About the review
The Government commissioned a review of Well Child Tamariki Ora in late 2018 in response to concerns about equity of access, outcomes for tamariki and whānau, and the financial sustainability of the programme.
The Review was carried out during 2019/20 with input from Māori, DHBs, Well Child Tamariki Ora providers and Government agencies. A report on the Review was considered by the Government in April 2021.
Review scope and approach
The Review looked at the design and delivery of the Well Child Tamariki Programme to investigate:
- how well the programme is working and to what extent it is meeting the needs of pēpi, tamariki and whānau
- what has been working well
- opportunities for improvement and change.
The guiding whakataukī (vision) for the review was ‘Poipoia te kākano kia puawai’ – Nurture the seed and it will blossom. This vision will be achieved when:
- pēpi and tamariki are prioritised as taonga in Aotearoa
- whānau are enabled to achieve the hopes and aspirations they have for their pēpi and tamariki
- communities provide nurturing environments that support pēpi, tamariki and whānau to blossom and reach their potential
- services and supports are whānau-focused, connected, holistic and responsive
- the wellbeing system is integrated and coordinated across the life span and enables pae ora – applying the principles of tino rangatiratanga (Māori self-determination) and mana motuhake.
The Review team was advised by an Advisory Rōpū made up of experts from within the sector. Governance was provided by a Steering Group with a broad range of relevant expertise and experience.
The Review process included engaging with key stakeholders with experience within the sector and consumers of Well Child Tamariki Ora services, analysing relevant research and data, and considering the Government’s strategic intent and priorities for supporting tamariki and whānau.
Review findings and next steps
The Review found that while Well Child Tamariki Ora is making a positive difference to the health and wellbeing of many tamariki, change is required to achieve equity for Māori tamariki and Pacific children.
The Review identifies that a shift to a more responsive, integrated, and evidence-based approach that is led by whānau is needed to ensure equitable outcomes and to fully support tamariki who are Māori or Pacific, are living with disabilities, are in state care and/or have high needs.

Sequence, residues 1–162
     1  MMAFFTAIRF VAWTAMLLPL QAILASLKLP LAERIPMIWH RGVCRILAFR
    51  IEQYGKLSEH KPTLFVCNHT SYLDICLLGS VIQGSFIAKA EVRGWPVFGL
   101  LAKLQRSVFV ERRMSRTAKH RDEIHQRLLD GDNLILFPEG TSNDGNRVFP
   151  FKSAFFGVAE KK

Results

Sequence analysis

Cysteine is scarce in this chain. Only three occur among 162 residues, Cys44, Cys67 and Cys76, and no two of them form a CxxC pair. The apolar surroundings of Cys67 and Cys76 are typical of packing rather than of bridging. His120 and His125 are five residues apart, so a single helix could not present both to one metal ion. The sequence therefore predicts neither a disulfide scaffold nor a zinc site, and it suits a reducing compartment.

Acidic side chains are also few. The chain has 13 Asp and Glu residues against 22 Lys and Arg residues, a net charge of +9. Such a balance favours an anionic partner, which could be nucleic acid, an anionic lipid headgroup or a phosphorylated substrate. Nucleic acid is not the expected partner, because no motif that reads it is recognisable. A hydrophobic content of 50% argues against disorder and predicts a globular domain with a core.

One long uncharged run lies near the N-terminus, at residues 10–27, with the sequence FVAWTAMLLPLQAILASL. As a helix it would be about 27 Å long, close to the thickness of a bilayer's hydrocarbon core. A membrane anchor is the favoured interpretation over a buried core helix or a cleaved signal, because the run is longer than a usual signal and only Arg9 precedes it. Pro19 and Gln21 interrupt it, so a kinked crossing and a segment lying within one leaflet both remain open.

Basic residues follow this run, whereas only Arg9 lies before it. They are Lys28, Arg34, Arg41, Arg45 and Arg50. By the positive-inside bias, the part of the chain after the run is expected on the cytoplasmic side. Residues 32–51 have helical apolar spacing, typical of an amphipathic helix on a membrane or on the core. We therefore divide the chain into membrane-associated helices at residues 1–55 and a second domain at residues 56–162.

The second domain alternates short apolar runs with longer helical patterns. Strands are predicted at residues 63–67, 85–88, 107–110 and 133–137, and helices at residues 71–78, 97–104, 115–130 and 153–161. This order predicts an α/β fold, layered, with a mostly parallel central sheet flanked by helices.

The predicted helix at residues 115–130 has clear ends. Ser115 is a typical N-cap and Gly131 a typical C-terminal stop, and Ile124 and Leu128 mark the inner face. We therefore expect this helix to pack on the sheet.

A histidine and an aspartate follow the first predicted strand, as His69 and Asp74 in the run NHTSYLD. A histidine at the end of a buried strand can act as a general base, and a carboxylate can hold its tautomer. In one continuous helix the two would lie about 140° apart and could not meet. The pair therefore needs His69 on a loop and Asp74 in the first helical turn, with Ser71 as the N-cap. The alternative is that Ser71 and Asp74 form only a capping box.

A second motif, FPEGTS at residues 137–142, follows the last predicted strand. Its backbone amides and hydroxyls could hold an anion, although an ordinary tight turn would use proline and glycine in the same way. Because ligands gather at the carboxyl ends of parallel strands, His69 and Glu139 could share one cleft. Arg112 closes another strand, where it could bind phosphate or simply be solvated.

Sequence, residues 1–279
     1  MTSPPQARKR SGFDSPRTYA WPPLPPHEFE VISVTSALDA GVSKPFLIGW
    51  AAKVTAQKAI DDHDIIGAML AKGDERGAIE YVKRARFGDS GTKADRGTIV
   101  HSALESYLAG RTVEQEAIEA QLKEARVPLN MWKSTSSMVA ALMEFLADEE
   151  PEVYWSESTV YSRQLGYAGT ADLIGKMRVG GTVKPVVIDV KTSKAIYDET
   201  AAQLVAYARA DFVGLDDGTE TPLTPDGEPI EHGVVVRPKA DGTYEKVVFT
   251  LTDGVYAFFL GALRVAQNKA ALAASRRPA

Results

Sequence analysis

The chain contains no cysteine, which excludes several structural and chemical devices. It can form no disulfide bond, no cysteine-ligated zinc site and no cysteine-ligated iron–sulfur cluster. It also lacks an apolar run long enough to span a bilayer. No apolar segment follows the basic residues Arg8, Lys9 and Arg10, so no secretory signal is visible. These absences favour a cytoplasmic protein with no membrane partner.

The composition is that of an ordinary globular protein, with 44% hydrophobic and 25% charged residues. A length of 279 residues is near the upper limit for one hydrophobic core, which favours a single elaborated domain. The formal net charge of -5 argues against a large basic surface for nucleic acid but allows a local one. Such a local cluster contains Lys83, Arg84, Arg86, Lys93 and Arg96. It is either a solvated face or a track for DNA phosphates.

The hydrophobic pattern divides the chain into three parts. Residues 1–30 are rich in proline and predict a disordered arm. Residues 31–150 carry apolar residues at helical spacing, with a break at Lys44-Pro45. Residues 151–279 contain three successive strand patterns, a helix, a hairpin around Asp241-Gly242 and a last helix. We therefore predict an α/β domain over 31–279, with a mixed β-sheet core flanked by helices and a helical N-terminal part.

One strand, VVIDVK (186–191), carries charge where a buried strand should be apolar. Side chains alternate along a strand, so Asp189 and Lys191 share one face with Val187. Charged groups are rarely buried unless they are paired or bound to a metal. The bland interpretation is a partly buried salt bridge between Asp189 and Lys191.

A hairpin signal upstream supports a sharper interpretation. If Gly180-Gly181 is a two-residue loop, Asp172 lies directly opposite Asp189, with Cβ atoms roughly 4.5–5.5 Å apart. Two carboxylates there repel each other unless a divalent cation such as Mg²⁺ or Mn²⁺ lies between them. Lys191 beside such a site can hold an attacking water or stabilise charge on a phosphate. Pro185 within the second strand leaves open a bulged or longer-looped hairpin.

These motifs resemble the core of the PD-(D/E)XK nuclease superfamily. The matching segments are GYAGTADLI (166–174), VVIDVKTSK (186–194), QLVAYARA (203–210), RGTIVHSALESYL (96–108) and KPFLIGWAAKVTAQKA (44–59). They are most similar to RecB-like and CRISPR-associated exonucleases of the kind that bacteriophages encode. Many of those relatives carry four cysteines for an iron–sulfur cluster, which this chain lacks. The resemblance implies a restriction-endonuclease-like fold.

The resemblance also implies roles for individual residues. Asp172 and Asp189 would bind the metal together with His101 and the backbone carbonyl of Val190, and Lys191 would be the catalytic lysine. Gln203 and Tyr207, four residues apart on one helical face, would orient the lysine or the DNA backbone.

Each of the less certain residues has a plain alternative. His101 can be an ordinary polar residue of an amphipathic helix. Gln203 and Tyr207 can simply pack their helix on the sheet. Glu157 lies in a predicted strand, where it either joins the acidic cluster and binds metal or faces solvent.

To achieve this, the following changes have been identified to respond to the changing needs of whānau, and to better integrate with other health, maternity, social and early learning services:
- A shift from a stand-alone, outputs-based programme to a whānau-led, outcomes-based ‘early years system’ of integrated services and support
- An evidence base informing the future design of the system that reflects Māori, Pacific and local research as well as international evidence, together with a system design that reflects and incorporates te ao Māori and Pacific worldviews of health and wellbeing
- Devolved commissioning to enable better integration and local decision making to achieve outcomes that matter to whānau and communities.
- Meaningful partnership with Māori embedded across governance, design, delivery and monitoring functions, together with leadership by Pacific people and those with lived experience of disability, living in state care or having higher needs, to ensure the unique needs of these groups are met.
- Te Tiriti o Waitangi responsibilities being upheld with Māori as co-designers of transformative change and exercising tino rangatiratanga and mana motuhake over the wellbeing of their tamariki
Investment to address gaps in critical infrastructure (information and technology, workforce, quality, governance and accountability) at both the system level and the service level to support equity, equality and integration.
The Ministry has already started progressing several short-term actions to strengthen current service delivery while improving equity. These include:
- establishing a mechanism to support stronger leadership and participation of the kaupapa Māori and Pacific workforce
- reviewing funding allocations to better support sustainability and equity
- improving information systems and streamlining reporting
- improving the active monitoring of newborn enrolments with providers.
These resources have been identified and collated by Well Child Tamariki Ora health providers in the central region as part of Whakapakari Hunga Tautoko, a three-year project that aims to address inequities in access to clinical and professional support infrastructure (see links to project reports below).
Frequently Asked Questions
What is Well Child Tamariki Ora?
Well Child Tamariki Ora (WCTO) is New Zealand’s key programme that provides early childhood health and development services to all tamariki under five years and their whānau.
The primary objective of the current programme is to support whānau to nurture the early development of their tamariki, establishing a strong foundation for health and wellness throughout life.
The programme provides the opportunity for early intervention through referrals to other primary, specialist or intensive health and social services. For more information please go to Well Child Tamariki Ora visits.
What is Well Child Tamariki Ora Review
The Well Child Tamariki Ora review (the Review) was completed by the Ministry of Health to improve the quality and long-term sustainability of the programme. The aim of the Review was to identify the issues that need to be addressed to achieve improved and more equitable outcomes for our tamariki and their whānau.